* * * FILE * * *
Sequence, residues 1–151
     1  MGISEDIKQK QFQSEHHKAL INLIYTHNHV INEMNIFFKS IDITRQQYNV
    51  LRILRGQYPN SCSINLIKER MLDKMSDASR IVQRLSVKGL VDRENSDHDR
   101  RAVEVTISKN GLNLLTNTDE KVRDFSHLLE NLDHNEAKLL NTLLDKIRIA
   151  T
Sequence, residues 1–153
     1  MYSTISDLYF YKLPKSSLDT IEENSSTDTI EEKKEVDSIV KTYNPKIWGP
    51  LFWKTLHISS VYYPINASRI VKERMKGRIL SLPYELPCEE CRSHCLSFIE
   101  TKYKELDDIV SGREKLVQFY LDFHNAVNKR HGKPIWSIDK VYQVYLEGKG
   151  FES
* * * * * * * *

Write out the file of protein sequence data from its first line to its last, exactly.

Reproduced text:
Sequence, residues 1–151
     1  MGISEDIKQK QFQSEHHKAL INLIYTHNHV INEMNIFFKS IDITRQQYNV
    51  LRILRGQYPN SCSINLIKER MLDKMSDASR IVQRLSVKGL VDRENSDHDR
   101  RAVEVTISKN GLNLLTNTDE KVRDFSHLLE NLDHNEAKLL NTLLDKIRIA
   151  T
Sequence, residues 1–153
     1  MYSTISDLYF YKLPKSSLDT IEENSSTDTI EEKKEVDSIV KTYNPKIWGP
    51  LFWKTLHISS VYYPINASRI VKERMKGRIL SLPYELPCEE CRSHCLSFIE
   101  TKYKELDDIV SGREKLVQFY LDFHNAVNKR HGKPIWSIDK VYQVYLEGKG
   151  FES